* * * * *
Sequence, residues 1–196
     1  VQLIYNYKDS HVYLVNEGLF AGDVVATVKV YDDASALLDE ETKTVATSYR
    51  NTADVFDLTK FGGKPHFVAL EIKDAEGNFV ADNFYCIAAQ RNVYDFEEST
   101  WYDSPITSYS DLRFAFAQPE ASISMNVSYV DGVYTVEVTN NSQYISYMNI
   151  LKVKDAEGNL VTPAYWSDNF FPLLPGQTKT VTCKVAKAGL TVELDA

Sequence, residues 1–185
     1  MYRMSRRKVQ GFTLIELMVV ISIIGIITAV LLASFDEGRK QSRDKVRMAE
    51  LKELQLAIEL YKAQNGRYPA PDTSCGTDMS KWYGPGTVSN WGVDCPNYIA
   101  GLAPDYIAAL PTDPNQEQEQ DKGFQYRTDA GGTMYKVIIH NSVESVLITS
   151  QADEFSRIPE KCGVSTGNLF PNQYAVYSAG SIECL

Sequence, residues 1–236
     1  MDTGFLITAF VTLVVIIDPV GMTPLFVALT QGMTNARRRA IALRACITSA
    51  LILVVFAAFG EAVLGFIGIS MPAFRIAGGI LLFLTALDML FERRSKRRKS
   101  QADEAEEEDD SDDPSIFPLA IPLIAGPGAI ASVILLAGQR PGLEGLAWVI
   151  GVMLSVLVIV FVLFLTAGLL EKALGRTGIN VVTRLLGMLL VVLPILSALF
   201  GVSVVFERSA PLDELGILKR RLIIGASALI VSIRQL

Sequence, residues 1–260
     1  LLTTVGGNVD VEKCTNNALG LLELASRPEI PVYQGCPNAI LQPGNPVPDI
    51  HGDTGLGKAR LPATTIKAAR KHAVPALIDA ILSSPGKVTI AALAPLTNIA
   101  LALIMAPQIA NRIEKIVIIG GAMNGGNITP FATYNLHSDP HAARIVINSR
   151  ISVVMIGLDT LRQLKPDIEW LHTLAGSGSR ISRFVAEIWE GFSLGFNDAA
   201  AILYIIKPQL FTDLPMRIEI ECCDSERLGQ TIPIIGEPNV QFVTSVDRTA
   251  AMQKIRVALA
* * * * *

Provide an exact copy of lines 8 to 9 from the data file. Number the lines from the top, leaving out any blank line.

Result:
    51  LKELQLAIEL YKAQNGRYPA PDTSCGTDMS KWYGPGTVSN WGVDCPNYIA
   101  GLAPDYIAAL PTDPNQEQEQ DKGFQYRTDA GGTMYKVIIH NSVESVLITS